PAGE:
Favorite Film Friday: Ferris Bueller’s Day Off

By Isaac Mathewson
Written and directed by: John Hughes
Starring: Matthew Broderick, Alan Ruck, Mia Sara, and Jennifer Grey
Sometimes I come across a movie that just puts me in a good mood. Coming from someone who suffers from chronic depression, I loved this movie when I first saw it. It made me forget about my problems and it was a lot of fun to watch. Today, I consider it not only a great comedy, but somewhat of a suicide prevention film.
Ferris Bueller (Broderick) is a popular, wise guy high school senior who decides one spring day to fake being sick from school in order to take his best friend Cameron (Ruck) and his girlfriend Sloane (Sara) on a day out on the city of Chicago. They spend the day going to a baseball game, an art museum, and lip syncing at a parade (one of the most famous scenes in the movie), all the while, they keep Ferris’s parents in the dark, who along with the rest of the town think that he is actually sick and have set up a “Save Ferris” campaign. There are only two people who suspect anything; Ferris’s principal Ed Rooney, played by Jeffrey Jones, who serves as the main antagonist, and Ferris’s sister Jeanie (Grey) who is immensely jealous of her brother’s popularity and the attention that he receives from his parents.
The film was directed and written by the late John Hughes, who is famous for classic works such as The Breakfast Club and Home Alone.Often times his movies balance both comedy and drama effectively. That is to say, his movies are generally comedies with dramatic moments to provide a theme for the movie. This film is no exception.
It does play as a playful comedy most of the time, but there are also moments in the film that actually make you think. Throughout the course of the film, Ferris tries desperately to make his depressed friend Cameron get up and enjoy life. There is a famous quote said by Ferris in the film that sums up the film’s message. He says; “Life moves pretty fast, and if you don’t stop to look around once in a while, you could miss it.” Ferris, or rather Hughes, is not telling us to ditch school and education for the sake of fun, he is saying that everyone needs to take a break once in a while and just enjoy life for what it is.
Scenes like this turn a mere entertainment film into a classic film with a philosophical message. However, that is obviously not the only reason to enjoy this film. It is just great fun. You laugh the whole time and by the end you feel like you know the characters and have spent the day off with them.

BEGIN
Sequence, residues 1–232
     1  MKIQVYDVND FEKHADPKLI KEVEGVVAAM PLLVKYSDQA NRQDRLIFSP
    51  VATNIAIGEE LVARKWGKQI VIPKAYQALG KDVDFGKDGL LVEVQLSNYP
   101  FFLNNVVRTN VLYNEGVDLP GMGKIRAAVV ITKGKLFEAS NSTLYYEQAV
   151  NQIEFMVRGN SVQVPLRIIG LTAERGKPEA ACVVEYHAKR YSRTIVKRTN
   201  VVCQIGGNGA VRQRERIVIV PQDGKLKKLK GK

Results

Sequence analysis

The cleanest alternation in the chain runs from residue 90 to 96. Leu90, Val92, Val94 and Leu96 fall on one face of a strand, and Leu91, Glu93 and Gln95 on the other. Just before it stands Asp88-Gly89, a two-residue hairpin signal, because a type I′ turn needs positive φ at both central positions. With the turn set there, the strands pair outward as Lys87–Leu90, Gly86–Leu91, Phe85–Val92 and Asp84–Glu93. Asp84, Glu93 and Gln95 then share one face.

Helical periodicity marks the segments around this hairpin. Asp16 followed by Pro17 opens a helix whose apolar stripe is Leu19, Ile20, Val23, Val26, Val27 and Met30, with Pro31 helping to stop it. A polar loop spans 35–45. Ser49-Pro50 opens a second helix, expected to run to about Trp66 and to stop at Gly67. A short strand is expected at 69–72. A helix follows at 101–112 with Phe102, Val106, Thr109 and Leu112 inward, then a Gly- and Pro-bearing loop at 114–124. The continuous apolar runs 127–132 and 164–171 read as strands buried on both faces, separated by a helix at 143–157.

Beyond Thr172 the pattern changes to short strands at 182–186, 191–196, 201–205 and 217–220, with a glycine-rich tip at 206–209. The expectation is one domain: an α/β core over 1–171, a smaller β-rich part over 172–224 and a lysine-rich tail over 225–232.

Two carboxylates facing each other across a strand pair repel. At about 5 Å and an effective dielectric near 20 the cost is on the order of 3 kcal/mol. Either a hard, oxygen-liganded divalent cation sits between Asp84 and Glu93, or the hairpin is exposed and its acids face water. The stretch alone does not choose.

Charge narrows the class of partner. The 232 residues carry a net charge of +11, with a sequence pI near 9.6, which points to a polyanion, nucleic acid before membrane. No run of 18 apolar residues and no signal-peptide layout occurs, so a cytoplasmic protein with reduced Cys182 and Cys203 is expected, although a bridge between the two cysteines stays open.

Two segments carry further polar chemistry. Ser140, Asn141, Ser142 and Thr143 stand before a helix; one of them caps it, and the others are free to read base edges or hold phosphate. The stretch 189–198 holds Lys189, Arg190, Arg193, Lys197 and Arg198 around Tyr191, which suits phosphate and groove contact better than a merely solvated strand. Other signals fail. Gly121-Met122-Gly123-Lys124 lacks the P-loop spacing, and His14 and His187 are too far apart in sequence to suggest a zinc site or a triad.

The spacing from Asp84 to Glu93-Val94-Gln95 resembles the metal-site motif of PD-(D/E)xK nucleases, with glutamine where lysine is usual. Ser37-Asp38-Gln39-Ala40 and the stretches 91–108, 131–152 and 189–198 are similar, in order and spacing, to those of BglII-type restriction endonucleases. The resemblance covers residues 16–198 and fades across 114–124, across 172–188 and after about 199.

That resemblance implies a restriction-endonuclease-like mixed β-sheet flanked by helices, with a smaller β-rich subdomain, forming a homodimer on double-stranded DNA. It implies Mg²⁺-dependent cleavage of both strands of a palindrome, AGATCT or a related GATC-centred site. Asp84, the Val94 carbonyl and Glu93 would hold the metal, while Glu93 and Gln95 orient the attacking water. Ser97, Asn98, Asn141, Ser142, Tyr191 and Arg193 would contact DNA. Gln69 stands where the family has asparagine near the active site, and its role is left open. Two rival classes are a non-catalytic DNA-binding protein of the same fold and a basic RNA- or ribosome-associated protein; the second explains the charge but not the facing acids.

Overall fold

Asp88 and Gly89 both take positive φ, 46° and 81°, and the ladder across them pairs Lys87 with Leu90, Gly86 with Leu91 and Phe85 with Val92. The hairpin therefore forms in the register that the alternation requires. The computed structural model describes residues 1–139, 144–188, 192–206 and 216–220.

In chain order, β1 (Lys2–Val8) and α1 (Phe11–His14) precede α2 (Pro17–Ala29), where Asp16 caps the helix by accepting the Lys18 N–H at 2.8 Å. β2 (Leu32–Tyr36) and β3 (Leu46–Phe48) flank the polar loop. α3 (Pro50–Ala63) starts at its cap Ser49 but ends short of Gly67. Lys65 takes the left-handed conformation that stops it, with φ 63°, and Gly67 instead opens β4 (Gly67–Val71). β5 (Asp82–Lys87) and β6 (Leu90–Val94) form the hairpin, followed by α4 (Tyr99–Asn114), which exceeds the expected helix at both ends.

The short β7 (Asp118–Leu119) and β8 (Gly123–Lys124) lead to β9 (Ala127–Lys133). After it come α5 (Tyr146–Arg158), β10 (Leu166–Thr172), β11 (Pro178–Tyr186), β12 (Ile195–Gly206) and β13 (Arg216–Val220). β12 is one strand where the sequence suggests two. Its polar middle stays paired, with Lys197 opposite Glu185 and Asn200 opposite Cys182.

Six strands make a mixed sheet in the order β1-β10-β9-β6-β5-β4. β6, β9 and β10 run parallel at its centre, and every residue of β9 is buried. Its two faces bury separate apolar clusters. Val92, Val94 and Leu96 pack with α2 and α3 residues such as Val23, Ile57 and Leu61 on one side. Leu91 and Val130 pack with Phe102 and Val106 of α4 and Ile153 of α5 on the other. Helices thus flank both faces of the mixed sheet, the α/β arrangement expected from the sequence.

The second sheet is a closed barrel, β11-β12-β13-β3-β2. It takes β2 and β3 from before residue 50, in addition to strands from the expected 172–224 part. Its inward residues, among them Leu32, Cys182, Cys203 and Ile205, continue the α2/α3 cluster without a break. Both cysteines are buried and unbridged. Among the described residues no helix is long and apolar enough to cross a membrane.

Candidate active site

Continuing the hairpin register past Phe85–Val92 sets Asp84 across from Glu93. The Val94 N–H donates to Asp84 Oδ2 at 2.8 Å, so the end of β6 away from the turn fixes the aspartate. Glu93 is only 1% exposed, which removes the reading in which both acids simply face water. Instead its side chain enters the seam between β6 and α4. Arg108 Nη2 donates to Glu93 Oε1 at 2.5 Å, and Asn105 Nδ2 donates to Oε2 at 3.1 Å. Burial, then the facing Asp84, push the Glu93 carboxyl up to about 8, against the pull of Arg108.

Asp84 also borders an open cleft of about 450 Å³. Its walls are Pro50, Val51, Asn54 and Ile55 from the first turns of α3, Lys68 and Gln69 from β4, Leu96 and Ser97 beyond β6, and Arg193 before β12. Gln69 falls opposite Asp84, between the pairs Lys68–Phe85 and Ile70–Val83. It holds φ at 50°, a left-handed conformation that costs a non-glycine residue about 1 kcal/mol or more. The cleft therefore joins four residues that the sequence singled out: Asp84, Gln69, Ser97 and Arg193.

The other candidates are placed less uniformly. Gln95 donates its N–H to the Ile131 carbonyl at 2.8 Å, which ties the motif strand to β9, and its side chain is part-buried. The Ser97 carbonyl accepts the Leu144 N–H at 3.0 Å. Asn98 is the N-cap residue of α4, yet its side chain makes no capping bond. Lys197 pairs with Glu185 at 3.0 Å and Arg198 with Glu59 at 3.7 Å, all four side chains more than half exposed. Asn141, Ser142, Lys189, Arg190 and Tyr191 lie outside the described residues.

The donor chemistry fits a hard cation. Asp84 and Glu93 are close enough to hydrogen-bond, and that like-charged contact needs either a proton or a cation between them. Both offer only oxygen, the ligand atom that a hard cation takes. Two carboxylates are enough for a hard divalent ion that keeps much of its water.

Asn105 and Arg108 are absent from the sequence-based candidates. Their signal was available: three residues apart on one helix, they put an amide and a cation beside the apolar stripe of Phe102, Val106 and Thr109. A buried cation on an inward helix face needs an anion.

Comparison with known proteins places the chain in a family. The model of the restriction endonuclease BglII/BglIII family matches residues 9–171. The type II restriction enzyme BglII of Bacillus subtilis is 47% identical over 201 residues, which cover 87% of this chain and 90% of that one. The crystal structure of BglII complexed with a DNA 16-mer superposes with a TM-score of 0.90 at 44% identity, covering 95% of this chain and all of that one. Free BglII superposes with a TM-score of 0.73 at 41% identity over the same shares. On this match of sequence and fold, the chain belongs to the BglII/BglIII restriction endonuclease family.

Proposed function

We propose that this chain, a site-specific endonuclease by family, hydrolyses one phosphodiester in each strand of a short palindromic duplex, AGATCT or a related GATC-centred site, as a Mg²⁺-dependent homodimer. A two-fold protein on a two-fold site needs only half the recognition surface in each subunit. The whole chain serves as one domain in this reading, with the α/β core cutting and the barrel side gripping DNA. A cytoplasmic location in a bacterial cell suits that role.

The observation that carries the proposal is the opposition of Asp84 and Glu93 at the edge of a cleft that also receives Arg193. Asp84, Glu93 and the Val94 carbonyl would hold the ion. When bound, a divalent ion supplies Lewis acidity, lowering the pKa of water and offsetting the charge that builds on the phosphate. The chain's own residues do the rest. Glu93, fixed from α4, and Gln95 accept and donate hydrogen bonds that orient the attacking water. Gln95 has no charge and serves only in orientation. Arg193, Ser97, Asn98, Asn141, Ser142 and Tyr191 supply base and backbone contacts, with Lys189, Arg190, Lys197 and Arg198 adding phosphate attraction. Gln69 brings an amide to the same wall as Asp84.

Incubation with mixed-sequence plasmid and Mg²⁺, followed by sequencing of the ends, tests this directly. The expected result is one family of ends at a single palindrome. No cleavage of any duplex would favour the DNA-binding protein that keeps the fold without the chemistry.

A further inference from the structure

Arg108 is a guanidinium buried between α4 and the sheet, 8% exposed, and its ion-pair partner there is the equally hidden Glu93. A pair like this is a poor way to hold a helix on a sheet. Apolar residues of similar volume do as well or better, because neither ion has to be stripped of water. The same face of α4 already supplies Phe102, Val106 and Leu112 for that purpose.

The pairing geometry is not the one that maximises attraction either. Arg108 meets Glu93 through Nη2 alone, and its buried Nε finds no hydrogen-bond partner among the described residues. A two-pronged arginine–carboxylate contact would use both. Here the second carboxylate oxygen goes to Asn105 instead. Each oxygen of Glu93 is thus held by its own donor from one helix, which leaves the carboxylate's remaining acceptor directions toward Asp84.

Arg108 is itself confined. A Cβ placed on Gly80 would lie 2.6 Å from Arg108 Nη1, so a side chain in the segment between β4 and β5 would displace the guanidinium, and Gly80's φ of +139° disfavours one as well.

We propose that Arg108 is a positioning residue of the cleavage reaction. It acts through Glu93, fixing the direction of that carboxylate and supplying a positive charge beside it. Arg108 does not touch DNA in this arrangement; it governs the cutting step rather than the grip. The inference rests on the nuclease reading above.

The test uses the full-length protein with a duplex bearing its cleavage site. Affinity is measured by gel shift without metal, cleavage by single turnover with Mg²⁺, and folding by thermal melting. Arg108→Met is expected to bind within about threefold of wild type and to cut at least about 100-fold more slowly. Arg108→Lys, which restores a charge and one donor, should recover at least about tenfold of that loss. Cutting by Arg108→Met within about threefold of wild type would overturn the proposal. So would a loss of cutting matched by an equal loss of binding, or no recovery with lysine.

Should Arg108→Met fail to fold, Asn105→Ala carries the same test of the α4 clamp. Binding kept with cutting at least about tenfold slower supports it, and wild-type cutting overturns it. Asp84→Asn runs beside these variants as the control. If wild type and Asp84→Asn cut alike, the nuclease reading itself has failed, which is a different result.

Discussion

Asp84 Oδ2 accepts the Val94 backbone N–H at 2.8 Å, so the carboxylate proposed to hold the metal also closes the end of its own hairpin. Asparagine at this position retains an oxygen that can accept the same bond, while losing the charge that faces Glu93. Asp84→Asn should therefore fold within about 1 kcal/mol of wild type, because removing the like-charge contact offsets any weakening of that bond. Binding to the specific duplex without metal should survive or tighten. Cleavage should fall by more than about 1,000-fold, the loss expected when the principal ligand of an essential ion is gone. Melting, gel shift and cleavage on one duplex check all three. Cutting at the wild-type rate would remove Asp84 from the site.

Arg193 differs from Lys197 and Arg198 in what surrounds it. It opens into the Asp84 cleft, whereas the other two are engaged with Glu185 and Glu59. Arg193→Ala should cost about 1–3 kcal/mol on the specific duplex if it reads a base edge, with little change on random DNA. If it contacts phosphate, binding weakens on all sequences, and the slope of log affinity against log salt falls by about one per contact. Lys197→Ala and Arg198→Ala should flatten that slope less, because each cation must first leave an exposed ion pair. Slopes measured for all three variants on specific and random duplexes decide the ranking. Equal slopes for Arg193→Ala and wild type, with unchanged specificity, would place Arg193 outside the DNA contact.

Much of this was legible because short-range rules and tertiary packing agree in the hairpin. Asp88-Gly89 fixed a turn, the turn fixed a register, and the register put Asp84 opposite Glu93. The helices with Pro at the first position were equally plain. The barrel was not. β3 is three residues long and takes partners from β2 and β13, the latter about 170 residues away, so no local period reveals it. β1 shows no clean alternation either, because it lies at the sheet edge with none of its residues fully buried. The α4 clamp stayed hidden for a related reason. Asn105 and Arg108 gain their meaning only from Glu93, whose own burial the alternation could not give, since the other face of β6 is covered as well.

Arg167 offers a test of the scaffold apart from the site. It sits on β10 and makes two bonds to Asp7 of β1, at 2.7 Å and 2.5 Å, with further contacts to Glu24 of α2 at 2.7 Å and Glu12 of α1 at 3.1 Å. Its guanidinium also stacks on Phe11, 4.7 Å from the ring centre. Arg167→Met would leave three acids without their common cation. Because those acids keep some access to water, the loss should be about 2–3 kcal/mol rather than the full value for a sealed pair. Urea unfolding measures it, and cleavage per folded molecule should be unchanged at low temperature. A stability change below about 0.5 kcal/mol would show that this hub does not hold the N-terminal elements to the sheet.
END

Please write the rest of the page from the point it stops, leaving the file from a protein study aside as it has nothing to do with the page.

What makes the film stand out the most is the main character himself. Matthew Broderick, although 23 when he starred in this, is very convincing as a wise guy kid with a great charm in his character. He is the film really and not just because his name is in the title. He also has that sweet, recognizable voice that makes him very innocent.
All of the other characters are good too. Ruck is very likable and funny and Sara is very attractive and has a great personality. The principal is also funny in how he will go to ridiculous lengths to stop Ferris from “corrupting his students,” and in the end he gets his comeuppance. Grey is also very good as the sister who is immensely jealous of her brother. Even some of the minor characters such as Ferris’s parents or Charlie Sheen as the criminal that Jeanie meets at a police station are memorable and a ton of fun to watch.
While the soundtrack is mediocre and outdated, and some of the actors look far too old for their role (Ruck was 29 when he did this film and he was playing an 18 year old), this film has so much to treasure. It is funny, smart, and a lot of fun. It is one of those films that just leaves you in a good mood after seeing it, like you were with Ferris and his friends the whole time. The film to this day remains a coming-of-age classic, as well as arguably John Hughes’s best work.

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